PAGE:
India has been a favourite literary subject for biographers and historians since Independence, but British author Patrick French is confident that his new book, India: A Portrait, has something new to say about his favourite country.
The book, released at Bandra’s Olive Bar and Kitchen on Friday, maps changes in India’s politics, economics and social life through the stories and personal narratives of diverse individuals. “Since the economic revolution of the early 1990s, India is no longer driven by politics. In this book I was trying to capture everything that has happened in the last two decades,” said French, 45, an award-winning writer and historian who claims he has been fascinated with India ever since he was a young boy in England.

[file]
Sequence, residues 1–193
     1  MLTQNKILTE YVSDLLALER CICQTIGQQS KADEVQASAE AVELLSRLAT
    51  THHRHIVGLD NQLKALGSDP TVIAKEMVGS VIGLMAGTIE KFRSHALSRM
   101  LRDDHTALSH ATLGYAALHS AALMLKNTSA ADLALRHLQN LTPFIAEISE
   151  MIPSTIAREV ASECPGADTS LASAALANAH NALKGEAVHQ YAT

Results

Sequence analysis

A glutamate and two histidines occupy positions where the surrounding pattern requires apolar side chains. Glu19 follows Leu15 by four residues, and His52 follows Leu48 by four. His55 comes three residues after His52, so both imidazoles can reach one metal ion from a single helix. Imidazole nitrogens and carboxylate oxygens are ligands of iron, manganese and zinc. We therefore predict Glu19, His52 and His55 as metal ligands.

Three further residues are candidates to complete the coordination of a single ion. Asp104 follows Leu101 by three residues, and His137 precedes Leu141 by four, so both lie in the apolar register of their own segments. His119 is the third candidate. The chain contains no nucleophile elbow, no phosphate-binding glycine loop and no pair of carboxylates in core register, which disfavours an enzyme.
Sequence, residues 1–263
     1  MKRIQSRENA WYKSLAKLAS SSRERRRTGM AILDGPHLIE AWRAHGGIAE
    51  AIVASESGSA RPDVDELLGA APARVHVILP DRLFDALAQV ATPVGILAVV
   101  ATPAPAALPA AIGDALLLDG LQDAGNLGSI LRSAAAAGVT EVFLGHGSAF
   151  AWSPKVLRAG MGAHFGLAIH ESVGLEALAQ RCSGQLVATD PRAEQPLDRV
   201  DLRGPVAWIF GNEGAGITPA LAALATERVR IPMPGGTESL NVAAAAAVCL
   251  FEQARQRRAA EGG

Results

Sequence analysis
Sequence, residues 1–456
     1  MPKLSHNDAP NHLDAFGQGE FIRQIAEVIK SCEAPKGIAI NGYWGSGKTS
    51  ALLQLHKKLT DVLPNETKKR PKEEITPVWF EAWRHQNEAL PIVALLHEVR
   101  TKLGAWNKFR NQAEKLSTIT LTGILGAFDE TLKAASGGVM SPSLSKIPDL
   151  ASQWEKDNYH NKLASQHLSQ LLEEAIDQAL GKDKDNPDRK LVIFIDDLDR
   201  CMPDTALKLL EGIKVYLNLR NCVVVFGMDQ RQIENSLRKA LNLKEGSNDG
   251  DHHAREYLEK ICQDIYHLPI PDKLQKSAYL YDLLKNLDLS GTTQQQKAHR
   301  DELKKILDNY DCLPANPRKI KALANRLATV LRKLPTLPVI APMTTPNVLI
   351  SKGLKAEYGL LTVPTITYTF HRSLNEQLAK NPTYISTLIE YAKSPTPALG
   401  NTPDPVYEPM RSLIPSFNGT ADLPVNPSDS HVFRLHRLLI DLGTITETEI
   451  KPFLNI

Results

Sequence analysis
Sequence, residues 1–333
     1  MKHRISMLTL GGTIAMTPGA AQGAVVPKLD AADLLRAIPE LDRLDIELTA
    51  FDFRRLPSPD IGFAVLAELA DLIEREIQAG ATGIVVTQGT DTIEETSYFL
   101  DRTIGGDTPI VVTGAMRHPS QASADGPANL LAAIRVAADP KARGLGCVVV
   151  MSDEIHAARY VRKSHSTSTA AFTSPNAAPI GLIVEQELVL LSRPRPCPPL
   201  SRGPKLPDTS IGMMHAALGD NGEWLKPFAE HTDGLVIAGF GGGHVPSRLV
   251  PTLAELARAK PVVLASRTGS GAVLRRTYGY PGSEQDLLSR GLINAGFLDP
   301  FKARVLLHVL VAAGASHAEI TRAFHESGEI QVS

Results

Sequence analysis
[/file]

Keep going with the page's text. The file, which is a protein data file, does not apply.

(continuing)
India is French’s second book on the country, published more than a decade after Liberty or Death, his account of the Partition, raised eyebrows for its unconventional portraits of Mahatma Gandhi and Mohammed Ali Jinnah.
“French is not only a brilliant writer but also a literary provocateur,” said journalist Sreenivasan Jain, who moderated the discussion. Besides examining India’s caste politics and its shift from the ‘permit raj’ to a free market economy, French’s book reveals, through a detailed survey, the growing trend of nepotism and dynasty politics among current Members of Parliament. “Rahul Gandhi is now trying to restructure the organisation of a dangerously calcified Congress and it that does happen it would lead to a democratisation of Parliament,” he said.
Adding that it is very hard to bring out India’s diversity in a 400-page book, French said, “There is also a specific Indian identity that can be recognised by people around the world.”